$800 billion in tax revenue in the fiscal cliff negotiations. president obama has said there will be no deal unless taxes are raised on the wealthiest americ americans. but staunch conservatives don't want any kind of new taxes. that's where speaker boehner's job gets really tough. on piers morgan tonight newt gingrich said if all else fails, go over the cliff. >> i think that no deal is better than a bad deal. i think going off this cliff is less dangerous than letting things build up for a year or two years to an even bigger cliff. i think that the president clearly has staked out a position of nonseriousness. and i think that it's very difficult for the house republicans right now to find any practical way to get his attention. so, he just won an election. he is feeling very good about himself. he is posturing brilliantly, putting the republicans in a corner. they need to relax. they don't have an election until november 2014. >> senior congressional correspondent dana bash joins me now. dana, can we expect fire woworkt the meeting this morning? >> reporter: possibly
of the fiscal cliff negotiation. after that, joe shaw looks at the estate tax, which is set to go up the end of the year plus, your e-mails, phone calls, and tweets. "washington journal" is live at 7:00 a.m. eastern on c-span. now come in a discussion of how the military and national security might be a affected by spending cuts at the first of the year. part of the so-called fiscal cliff. former chairman of the joint chiefs of staff, mike mike mullen, was joined at how services committee. this is a less than an hour. >> good afternoon. thank you for coming. my name is peter peterson. i would like to give you a review of why we are supporting this project today. starting about 30 years ago, after studying the profound demographic trends, on the vast and unfunded promise we have made. i have decided was not unsustainable, but a primary threat to the future. speaking of unsustainable, in the nixon white house in which i served, the chairman of the council, if something is unsustainable, he says it continues to stop. or if you don't like that, if your worst eyes, i suggest that you does not dis
immediate action to avoid those automatic tax increases and spending cuts come january. president obama is saying that with the way speaker boehner plan stands now, no deal. >> unfortunately the speaker's proposal is out of balance. we will have to see the rates on the top 2% go up and we are not going to be able to get a deal without it. >> that was an exclusive with bloomberg t.v. and the first televised interview since the president's re-election. as you heard, taxes are the big issue blocking this deal from taking place. president obama is calling for downhill the amount of tax revenue as speaker boehner over the next tens years, most from the nation's top earners. many. republicans say that's not the way to handle this. here is marco rubio. >> it wouldn'ting make a small bent in the debt but it would heard middle class businesses. >> the g.o.p. could be risking a civil war over this issue. it does not look like obama is ready to cave. if that forces republican leaders to compromise staunch conservatives will likely rebel. more "bill press" up after t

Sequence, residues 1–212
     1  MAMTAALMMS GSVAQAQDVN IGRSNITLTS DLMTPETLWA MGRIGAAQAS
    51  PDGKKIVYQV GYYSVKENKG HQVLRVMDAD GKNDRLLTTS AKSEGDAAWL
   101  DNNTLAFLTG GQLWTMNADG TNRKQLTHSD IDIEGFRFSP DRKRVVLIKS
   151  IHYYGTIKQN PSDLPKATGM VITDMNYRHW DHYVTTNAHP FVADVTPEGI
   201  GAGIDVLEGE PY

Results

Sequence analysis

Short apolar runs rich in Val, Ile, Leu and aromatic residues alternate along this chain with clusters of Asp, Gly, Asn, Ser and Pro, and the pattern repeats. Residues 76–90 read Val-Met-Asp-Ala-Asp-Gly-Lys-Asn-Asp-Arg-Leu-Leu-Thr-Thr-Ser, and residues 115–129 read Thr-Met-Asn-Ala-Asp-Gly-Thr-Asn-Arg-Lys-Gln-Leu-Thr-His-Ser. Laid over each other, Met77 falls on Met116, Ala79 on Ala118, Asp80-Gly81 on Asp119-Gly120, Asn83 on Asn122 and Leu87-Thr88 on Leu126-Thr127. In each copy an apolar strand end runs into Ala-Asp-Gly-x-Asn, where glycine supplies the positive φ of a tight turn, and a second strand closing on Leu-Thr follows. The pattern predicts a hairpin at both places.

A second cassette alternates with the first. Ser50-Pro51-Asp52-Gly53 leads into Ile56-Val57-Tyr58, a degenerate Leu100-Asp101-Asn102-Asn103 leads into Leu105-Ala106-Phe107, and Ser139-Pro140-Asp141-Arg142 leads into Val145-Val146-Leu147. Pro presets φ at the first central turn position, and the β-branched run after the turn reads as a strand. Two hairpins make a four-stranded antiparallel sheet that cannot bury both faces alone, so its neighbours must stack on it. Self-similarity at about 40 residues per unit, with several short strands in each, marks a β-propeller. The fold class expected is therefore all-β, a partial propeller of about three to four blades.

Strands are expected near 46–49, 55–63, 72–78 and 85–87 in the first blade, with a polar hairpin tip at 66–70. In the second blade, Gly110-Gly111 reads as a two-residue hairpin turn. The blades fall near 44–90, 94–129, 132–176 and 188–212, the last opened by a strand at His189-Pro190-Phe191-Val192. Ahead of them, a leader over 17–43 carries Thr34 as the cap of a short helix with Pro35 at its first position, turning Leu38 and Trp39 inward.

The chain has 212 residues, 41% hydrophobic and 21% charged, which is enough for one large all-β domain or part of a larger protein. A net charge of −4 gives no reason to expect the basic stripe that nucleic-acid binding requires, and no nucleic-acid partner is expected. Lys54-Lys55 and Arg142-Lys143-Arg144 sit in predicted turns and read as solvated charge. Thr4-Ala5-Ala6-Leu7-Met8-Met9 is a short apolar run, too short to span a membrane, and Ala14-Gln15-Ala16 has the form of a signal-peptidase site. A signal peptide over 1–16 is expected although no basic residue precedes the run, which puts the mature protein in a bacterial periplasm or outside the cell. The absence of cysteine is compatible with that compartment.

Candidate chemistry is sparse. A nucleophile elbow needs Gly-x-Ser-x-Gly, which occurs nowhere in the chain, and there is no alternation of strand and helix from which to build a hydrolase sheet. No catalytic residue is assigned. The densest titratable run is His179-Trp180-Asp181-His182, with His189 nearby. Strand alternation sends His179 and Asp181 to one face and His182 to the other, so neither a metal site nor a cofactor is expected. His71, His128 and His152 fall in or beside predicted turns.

blitzer. you're in "the situation room." >>> we begin with president obama taking his battle to extend tax cuts for the middle class into the heart of the middle class suburb today. he visited a family just outside washington, d.c., using their story to dramatize what will happen in just 26 days if he and congress can't make a deal on the so-called fiscal cliff. a source of great concern for so many people, everyone's taxes will go up, will go up if there's no deal. let's go live to our white house correspondent dan lothian. he's on the scene for us over at the white house. how did it go, dan? >> reporter: well, wolf, we've seen the president do this before in the past whenever he's locked in negotiations with lawmakers. he heads out on the road, either goes to a backyard or sits down around a dinner table to put pressure on congress. that's what he did today when he went to falls church sitting down with the santana family. their parents who also are employed live in the household with them. so if taxes do go up on middle class americans, the overall hit on that household will be $4,000.
cliff. the across-the-board spending cuts and sharp tax increases that hit in just 29 days. let's get straight to our senior congressional correspondent dana bash. she's watching what's going on. dana, the tax rates, first of all, let's get to a major sticking point right now. there's been a counterproposal from house republicans to the white house. you have details. >> reporter: that's right. let's start exactly where you just began on those tax rates because that has become the big divide between the two sides. the answer is the house republicans are not budging. they still want to continue the bush era tax rates at all income levels. let's get specific. first of all, the counterproposal, they say they would get about $800 billion in savings from what they call tax reform, from deductions and closing loopholes, things like that. but the bush era tax rates, all of them would remain, even for the wealthiest. to show you the difference, compared to the white house offer that they got last week, $1.6 trillion in savings when it comes to tax revenue. but much of that came from raising ta